Libya Peace Talks Find No Resolution As Foreign Interference Continues

The first round of peace talks between representatives of Libya’s internationally-recognized government, and the military commander Khalifa Haftar, came to an unsuccessful conclusion on the 9th of February. The talks, facilitated by the United Nations and held in the Swiss city of Geneva, had been organized as part of an international drive to end the ongoing conflict in Libya. In recent months, the ongoing Libyan Civil War has seen renewed fighting as Haftar’s Libyan National Army (LNA) launched an offensive against the Tripoli-based Government of National Accord (GNA) in April of 2019.

It seems highly likely that ongoing foreign interference is exacerbating the conflict, contributing to the failure of these peace talks. United Nations Secretary-General Antonio Guterres, speaking from the Ethiopian capital Addis Ababa, expressed his concern about foreign intervention. “With regards to Libya, it is evident that the crisis has been severely aggravated by the presence of forces and equipment from many other countries, in clear violation of the mandate of the Security Council,” Guterres told reporters. “I think we have to re-establish the sovereignty of international law and the conditions in which the decisions of the Security Council could be implemented and that countries should understand that their engagements to promote certain conflicts only increases the potential for action by terrorist groups.”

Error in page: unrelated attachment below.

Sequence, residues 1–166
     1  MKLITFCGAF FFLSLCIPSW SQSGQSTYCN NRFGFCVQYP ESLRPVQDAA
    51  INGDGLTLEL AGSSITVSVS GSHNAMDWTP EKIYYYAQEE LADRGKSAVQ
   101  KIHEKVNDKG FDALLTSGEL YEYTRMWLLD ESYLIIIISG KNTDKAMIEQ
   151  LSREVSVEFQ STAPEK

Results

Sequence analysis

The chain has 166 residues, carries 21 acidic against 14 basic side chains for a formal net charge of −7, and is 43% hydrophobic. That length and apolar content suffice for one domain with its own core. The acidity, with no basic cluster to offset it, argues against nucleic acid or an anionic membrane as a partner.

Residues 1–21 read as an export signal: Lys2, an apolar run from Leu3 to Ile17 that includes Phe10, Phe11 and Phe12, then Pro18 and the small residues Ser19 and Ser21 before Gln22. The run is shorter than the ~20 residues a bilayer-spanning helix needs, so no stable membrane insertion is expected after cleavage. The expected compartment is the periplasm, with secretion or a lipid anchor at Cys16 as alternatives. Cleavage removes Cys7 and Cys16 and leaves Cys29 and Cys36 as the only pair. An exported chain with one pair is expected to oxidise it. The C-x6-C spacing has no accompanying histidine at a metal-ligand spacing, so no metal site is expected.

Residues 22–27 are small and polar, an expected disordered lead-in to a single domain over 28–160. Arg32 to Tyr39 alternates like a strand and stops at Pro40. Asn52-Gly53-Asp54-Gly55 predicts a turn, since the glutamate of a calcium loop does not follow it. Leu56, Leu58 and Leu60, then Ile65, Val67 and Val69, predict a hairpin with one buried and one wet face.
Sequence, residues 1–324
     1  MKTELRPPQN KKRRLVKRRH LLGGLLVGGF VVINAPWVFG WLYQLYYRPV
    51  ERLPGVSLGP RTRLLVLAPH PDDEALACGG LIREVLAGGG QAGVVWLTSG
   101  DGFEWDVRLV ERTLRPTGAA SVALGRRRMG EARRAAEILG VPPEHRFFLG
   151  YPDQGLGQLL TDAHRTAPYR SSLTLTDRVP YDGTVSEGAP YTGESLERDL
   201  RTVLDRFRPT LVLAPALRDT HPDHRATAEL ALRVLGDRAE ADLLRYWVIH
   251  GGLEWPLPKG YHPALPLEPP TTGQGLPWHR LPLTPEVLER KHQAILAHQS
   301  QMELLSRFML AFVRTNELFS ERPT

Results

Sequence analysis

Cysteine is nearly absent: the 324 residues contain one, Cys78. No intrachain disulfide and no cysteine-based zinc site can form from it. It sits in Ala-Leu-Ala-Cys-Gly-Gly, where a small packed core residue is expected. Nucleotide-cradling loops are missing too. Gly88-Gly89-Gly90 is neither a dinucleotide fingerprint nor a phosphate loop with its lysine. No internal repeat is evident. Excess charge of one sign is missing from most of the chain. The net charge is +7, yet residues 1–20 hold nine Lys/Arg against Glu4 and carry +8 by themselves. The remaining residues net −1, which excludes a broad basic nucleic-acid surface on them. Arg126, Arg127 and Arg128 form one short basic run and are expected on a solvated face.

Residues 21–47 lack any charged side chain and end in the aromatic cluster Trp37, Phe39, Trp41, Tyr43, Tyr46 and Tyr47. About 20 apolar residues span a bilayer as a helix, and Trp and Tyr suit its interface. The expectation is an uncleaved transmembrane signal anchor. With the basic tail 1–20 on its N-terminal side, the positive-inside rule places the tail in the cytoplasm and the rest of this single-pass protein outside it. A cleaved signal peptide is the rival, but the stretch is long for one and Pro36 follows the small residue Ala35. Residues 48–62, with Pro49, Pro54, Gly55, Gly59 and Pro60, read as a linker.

Last week’s talks in Geneva represent a small part of the increased international efforts to end the war. Aside from the diplomatic discussions, the two sides involved continue to receive support from foreign powers. Haftar’s LNA has seen support from France, Egypt, the U.A.E., and Russia, while Turkey is the main supporter of the UN-recognized GNA. Last month, world powers met in Berlin and committed to ending foreign interference in the country. Participants also agreed to uphold a weapons embargo, in order to bring about a quicker end to the war. However, it appears the terms of the embargo are being ignored. UN Special Envoy Ghassan Salame stated that these weapons, ammunition, and foreign fighters continue to enter the nation, supporting both sides.

While this first round of peace talks has failed, there remains the potential for ongoing discussion. Earlier in the week, Ghassan Salame had noted that there was progress being made in the talks which could turn a truce into a more permanent ceasefire. While this obviously failed to pan out, it indicates that the GNA and LNA are interested in reaching some form of deal. The two parties agree that arrangements need to be made soon in order to ensure internally displaced peoples can return to their homes, ideally in a conflict-free nation. Unfortunately, at this point, there are some fundamental differences in political positions which have prevented a compromise from being reached. The GNA would like Haftar and his forces to pull back to the pre-April 2019 status quo. This would thus see the LNA lose all gains made over the previous year, rendering their fighting (and casualties) pointless. It is understandable why the LNA would not agree to such a deal. If talks continue in the near future, perhaps both sides can come to a better agreement, one which keeps civilians in mind and attempts to ensure the embattled nation can receive the peace it so deserves.